Just yesterday I had a memory of an event that I could swear you were present for. I remember your facial expression and what you said but then I looked at the calendar I realized it was after your accident.

I remember your facial expression in situations where in times before we would look at each other and exchange that nonverbal cue. Or I would look at you and you would be looking away .your body language stating emphatically that it was time to go, move on. I remember things you have said and they apply to the current situation and sometimes more poignantly than before.

I see you in your sister and your dad. I see you in things I do and maybe it is because in some ways I want to model myself after some of those things, those things that I think of as your  better attributes.

I thank you and your sister for allowing me to be your mother. It has been a great privilege. I can’t adequately explain that. There are no words. When the florist industry hit upon the idea of Mother’s Day they hit a gold mine. Thank you for never giving Mother’s Day any credence. Your attitudes about what is and what is not important as dictated by society has held true.

“Mother’s Day” is a Sunday like many other Sunday’s. You and your sister are the only gift and accolade I need. You both in your lives and your attitudes are my bouquet.

I think that this  “holiday” is harder for your dad than for me. He is so fierce about his love for me at times.
We locked in this grief together try so hard not to allow our personal grief to make the other’s grief any harder.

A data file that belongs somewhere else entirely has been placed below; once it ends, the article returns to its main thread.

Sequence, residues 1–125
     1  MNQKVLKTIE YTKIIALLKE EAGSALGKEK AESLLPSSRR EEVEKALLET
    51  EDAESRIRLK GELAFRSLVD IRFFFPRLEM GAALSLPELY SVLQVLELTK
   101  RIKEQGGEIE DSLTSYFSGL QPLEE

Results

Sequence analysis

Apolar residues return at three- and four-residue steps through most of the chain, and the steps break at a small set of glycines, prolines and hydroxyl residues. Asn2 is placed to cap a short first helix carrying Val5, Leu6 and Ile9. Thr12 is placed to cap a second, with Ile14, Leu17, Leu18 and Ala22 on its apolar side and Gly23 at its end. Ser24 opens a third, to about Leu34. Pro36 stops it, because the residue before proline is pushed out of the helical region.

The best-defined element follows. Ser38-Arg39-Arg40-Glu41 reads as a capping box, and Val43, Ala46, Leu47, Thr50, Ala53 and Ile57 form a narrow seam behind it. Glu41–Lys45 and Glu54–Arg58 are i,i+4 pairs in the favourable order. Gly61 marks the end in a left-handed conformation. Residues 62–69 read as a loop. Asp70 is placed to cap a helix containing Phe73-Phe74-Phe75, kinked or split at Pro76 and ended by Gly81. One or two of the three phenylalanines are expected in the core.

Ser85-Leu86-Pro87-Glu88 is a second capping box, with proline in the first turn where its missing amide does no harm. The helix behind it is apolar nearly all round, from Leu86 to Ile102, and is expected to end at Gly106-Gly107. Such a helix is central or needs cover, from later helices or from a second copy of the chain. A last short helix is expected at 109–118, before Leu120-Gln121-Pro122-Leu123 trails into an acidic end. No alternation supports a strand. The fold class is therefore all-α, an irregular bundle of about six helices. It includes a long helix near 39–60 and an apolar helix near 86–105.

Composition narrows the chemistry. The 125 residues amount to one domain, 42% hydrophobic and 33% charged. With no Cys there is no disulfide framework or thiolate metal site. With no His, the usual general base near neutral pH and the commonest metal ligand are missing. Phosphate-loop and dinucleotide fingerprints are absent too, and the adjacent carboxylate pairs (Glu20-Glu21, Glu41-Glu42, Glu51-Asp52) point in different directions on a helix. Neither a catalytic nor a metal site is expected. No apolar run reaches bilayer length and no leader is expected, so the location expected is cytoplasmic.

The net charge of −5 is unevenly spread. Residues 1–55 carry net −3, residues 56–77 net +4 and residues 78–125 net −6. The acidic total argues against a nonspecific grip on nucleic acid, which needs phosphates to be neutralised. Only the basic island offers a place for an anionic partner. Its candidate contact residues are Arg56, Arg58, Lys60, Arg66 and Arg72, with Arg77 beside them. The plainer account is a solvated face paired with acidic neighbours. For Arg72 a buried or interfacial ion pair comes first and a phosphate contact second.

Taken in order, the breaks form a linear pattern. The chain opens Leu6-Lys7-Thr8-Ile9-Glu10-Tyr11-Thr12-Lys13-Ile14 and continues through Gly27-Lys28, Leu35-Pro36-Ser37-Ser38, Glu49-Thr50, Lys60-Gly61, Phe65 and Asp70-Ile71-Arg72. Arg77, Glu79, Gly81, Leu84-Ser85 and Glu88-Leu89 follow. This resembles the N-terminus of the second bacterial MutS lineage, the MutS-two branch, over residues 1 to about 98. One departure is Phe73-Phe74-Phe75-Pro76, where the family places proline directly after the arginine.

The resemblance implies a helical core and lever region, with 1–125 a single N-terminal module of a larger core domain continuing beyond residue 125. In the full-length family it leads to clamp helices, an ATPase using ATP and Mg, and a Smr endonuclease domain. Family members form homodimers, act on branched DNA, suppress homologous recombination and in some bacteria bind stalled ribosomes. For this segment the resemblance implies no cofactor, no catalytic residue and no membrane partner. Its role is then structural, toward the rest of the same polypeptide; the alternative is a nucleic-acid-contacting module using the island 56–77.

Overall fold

If you do witness anything then you know I have these terrible attacks of yearning. It is a huge whole body contraction. No, it is worse than that. The mind and body and world all contract for a terrible moment , contorts and sometimes I wonder if I will breath again when it comes. I cannot predict when or why it comes when it does. I function so much of the time feeling that you are right beside me. I think it is when I want to touch you, hug you, hear your voice when that yearning sees an opening to hit.

I know, I don’t need to go on. I know that you and I in the short time we had together on this earth said all the words necessary, did all the necessary things to express the deep love and appreciation we had for each other.

That will have to do for now.
That will have to do.    You know I love you.  I know you love me.  That will have to do.



Posted in Coping with the Death of a Child | 4 Comments

Learning to Meditate – finally.




I hesitated for a moment before posting this -which is probably some sort of indication that this is something I really need to confess especially to my son.  I am exploring mindfulness and the practice of meditation to center my mind.

Meditation like fasting and prayer in the sacred scriptures is not something that is a mere suggestion , it is and was an accepted practice. Meditation is a place to come center. Psalms 1 suggests that it plants us firmly like a tree soaking up the rivers of water preparing the tree to bear fruit.

One of the meditation practices is the deceptively simple practice in which you think about breathing. You think about each breath, in and out. When I was a child I remember being asked to take a nap. While in repose I would become aware of my breathing. I remember becoming so aware of it that I became frightened. I worried that if I stopped thinking about it I would stop breathing. I didn’t understand that in that situation not breathing was impossible.

You cannot control that part of you. The body breaths as long as all the wiring is intact.